Brass of the Month

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Page last updated 10 February 2017

February 2017 -  William and Elizabeth Berdwell [1490], West Harling, Norfolk


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Copyright: Jon Bayliss

One of the foremost warriors of the late-fourteenth and early-fifteenth century was Sir William Berdwell. Born in 1367, he was from a family that had held land at Bardwell in Suffolk, reputedly from the time of the William the Conqueror. He was buried in the chancel of the church at Bardwell, where his effigy in armour is still to be seen in the glass. He outlived his eldest son, John, dying at Bury St Edmunds in October 1434. His inquisition post mortem is respect of his Norfolk lands found his heir to be William, aged 24 or more, son of John but while that for his Suffolk lands found likewise, the remainder was to Robert, named as his son and heir in his will. Robert inherited Sir William's manor of West Harling and settled there, building a house and acquiring a further manor in the parish. It is not clear what happened to Sir William's Suffolk lands but they had passed out of the family long before 1490. As the inquisition post mortem held after William Berdwell died on 30 August 1490 shows, William was the grandson of Robert and was in possession of West Harling and other Norfolk lands formerly held by his grandfather in Middle Harling, Gasthorpe, Riddlesworth, Hopton, Winfarthing and elsewhere. His own son and heir was another William, aged 30 or more, who was to be commemorated by another brass in the church. The inquisition tells us that William's wife Elizabeth had previously been married to John Cheeke, gentleman.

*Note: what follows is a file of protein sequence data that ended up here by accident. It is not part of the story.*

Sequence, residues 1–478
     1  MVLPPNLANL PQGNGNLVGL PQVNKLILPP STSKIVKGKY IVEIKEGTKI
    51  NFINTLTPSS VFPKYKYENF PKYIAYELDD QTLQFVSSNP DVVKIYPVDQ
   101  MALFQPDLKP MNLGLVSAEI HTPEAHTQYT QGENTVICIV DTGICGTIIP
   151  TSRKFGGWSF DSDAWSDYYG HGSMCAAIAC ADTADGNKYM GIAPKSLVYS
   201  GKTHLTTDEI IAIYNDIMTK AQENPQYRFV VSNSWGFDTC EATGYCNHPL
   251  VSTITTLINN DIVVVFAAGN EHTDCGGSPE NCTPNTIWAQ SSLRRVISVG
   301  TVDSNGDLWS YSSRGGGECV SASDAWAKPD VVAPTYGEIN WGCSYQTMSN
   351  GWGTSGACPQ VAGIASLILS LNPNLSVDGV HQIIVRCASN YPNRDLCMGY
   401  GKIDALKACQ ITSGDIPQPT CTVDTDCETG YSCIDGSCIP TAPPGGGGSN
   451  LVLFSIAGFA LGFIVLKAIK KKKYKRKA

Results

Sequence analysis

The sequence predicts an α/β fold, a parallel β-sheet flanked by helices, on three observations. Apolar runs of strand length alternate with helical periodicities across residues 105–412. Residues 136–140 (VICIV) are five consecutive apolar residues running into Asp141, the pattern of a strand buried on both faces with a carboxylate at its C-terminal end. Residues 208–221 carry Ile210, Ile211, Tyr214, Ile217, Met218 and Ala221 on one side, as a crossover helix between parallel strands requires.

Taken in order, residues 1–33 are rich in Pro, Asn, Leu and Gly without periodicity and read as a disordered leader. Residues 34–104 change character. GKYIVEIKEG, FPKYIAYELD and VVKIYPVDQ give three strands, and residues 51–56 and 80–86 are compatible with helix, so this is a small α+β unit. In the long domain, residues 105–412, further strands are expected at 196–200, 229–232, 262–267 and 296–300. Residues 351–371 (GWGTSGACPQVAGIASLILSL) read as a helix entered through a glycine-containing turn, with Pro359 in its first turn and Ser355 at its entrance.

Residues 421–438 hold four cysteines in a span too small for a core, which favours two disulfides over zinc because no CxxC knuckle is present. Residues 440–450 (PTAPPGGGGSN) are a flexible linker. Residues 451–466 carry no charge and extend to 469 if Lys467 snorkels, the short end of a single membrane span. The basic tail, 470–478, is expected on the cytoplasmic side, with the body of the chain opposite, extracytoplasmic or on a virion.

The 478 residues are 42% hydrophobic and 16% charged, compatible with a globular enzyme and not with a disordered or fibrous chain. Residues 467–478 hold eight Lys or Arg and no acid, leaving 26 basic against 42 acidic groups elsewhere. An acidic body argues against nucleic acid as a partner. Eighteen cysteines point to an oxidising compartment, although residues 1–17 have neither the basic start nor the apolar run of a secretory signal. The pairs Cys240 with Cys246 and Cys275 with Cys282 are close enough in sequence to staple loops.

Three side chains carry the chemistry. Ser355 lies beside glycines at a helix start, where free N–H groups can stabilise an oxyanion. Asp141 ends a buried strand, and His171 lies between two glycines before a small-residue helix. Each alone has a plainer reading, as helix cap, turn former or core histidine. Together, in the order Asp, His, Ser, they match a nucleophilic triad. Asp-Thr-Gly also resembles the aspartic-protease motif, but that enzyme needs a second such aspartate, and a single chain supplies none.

William is referred to as William the elder but his own father had been another William, whose brass is now an indent that shows his two wives with butterfly headdresses that clearly identifies the brass as having come from the workshop of the first Norwich marbler, Thomas Sheef, whereas his son's comes from that of Richard Foxe, Sheef's apprentice. Whereas the earliest brasses from the Sheef workshop show a considerable debt to the designs of the London workshops, Richard Foxe's work is entirely independent of that influence. Foxe lived close to Norwich cathedral in the parish of St George Tombland, the same parish as Sheef. Both requested burial in the parish church of St George. Foxe also had property in the parish of St Martin-at-Palace, which also adjoined the cathedral close. Between 1492 and 1495, he served as constable of Wymer Great Ward, which runs through the centre of Norwich along the south bank of the River Wensum. Foxe made his will in December 1496. It was proved in June 1497. His working career was less than twenty years but some eighty-five examples of his work are known from surviving brasses and rubbings of lost ones.